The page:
Experiments show that when you get close to surfaces, even 3 inches can make a big difference at mid and high frequencies. Sounds rough, but these are the realities of room acoustics. Pick those measurement points with care.
Frequency Response - Fair, Image Clarity - Very Good
Always use actual LP locations for AMEQ Setup Mic positions. Give AMEQ meaningful data to work with.
Case 5 - Mic Pattern: Wide1E
This pattern is also grouped around the PLPC location, but all are 6 inches away from it. Seems logical. The result is still solid for FR, abysmally bad for Image Clarity. In a stereo listening test, the image of a centered vocalist completely spread out, filling the entire area between the speakers.
Frequency Response - Good, Image Clarity - Poor
Image Clarity is nonexistent, the worst I have heard it, even though two of the measurement points are centered left-to-right relative to the speakers. That essential PLPC point is sorely missed with this pattern.
Case 6 - Mic Pattern: Wide1F
The sofa is removed during AMEQ Analysis and Setup Sequence and returned for the measured plots shown.`The original three-point pattern from Case 1 is used again. Removing furniture removes disturbances during the analysys, but they will all return when the furniture is back in place. While still good, the FR peak at 1 KHz is slightly worse at all seats than Case 1 with the sofa in place throughout. I never saw significant overall improvement in results from removing furniture for the AMEQ Analysis and Setup Sequence, and it may have made results slightly worse.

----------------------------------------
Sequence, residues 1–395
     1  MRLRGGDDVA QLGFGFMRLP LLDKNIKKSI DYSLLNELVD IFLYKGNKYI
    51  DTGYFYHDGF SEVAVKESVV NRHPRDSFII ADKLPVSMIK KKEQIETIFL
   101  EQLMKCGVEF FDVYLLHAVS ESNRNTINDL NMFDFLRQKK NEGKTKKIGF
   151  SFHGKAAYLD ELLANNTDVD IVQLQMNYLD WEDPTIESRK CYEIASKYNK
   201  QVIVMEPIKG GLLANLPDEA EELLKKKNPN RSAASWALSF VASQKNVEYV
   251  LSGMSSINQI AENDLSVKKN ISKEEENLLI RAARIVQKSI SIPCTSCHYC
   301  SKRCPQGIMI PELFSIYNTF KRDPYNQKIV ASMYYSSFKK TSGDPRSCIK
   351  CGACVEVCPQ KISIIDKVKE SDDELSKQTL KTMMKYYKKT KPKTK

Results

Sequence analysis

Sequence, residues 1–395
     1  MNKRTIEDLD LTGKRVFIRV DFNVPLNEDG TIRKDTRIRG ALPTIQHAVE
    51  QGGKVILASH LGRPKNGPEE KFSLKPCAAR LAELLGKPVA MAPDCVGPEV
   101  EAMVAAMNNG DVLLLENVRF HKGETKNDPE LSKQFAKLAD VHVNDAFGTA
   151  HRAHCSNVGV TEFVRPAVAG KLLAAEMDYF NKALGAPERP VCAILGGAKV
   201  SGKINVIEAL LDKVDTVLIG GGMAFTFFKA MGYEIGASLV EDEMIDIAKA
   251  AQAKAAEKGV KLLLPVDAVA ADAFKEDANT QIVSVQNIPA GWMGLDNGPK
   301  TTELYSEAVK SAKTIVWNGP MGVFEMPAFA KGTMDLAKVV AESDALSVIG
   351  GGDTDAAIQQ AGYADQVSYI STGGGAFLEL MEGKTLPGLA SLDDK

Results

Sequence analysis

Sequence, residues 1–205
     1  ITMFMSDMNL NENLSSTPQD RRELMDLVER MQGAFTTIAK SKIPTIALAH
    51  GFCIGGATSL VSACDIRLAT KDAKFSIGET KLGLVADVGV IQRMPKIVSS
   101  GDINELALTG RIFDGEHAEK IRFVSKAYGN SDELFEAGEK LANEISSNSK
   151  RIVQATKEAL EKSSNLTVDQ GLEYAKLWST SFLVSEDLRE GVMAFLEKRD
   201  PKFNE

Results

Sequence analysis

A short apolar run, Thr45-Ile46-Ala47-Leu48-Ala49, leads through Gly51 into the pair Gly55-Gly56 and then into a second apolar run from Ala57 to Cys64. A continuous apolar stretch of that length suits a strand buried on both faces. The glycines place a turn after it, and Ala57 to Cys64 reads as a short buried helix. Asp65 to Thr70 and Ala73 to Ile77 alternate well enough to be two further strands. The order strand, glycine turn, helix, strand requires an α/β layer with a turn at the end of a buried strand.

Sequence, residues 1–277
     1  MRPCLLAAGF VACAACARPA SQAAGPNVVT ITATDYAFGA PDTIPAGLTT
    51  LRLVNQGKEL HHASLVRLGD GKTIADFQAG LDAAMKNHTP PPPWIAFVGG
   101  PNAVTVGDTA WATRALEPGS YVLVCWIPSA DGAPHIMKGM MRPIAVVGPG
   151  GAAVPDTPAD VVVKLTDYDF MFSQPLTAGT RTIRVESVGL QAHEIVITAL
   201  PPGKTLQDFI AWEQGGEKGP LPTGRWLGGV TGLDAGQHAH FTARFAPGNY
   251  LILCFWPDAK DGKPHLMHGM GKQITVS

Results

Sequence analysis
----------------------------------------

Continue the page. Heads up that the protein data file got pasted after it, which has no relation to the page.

Frequency Response - Good, Image Clarity - Very Good
Removing furniture during the AMEQ Analysis and Setup Sequence does not seem to help, and may give results that are slightly worse.
Case 7 - Mic Pattern: Wide1G
This pattern shows that Audyssey MultEQ's effect on bass frequencies increases with the number of analysis points. FR performance is the as good as I ever saw for a multiple LP configuration. But the effectiveness in getting IC results is dissipated, giving poor results - a 2-foot, different-for-every-note undulating blob - although not as bad as Case 5. The benefits of balancing FR and IC priorities is becoming evident.
Frequency Response - Very Good, Image Clarity - Poor
Using more AMEQ analysis points gives more aggressive bass correction.
More center-oriented points are needed for IC performance as the size of the pattern increases.
Case 8 - Mic Pattern: Wide1H
This pattern accomplishes a lot. All priorities are well balanced, FR performance is unmatched, and IC performance is stellar - a vocalist between speakers is localized with pinpoint precision and clarity.
Frequency Response - Very Good, Image Clarity - Excellent
Four points on the left-right-dividing vertical plane, including one at PLP center, provide strong cues for AMEQ to provide top-notch Image Clarity.
Three of those four also provide information in the up-down and forward directions for LP position variation for the sofa.
Left and right ear positions contribute more to strong IC.
Left and right seats are also represented.
Priorities are nicely balanced: six analysis points contribute to Image Clarity, five points represent left-right variations along the sofa, three points contribute to up-down and front-back variations (this could be five points if the left and right LP points were varied slightly) up or forward relative to other Setup Mic locations), the PLP is represented by six points, and all eight AMEQ analysis points represent all three seats, due to the natural consistency of tonality along the length of the sofa.
AMEQ bass correction is maximized.